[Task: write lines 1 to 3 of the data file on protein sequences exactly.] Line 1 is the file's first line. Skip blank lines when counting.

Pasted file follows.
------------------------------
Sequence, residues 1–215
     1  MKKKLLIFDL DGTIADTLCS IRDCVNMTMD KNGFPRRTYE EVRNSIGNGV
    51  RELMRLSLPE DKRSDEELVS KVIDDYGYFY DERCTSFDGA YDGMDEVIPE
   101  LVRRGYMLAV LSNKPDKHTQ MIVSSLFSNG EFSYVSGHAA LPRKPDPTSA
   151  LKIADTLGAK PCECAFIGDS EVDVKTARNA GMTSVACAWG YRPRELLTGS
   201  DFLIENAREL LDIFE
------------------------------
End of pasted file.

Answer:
Sequence, residues 1–215
     1  MKKKLLIFDL DGTIADTLCS IRDCVNMTMD KNGFPRRTYE EVRNSIGNGV
    51  RELMRLSLPE DKRSDEELVS KVIDDYGYFY DERCTSFDGA YDGMDEVIPE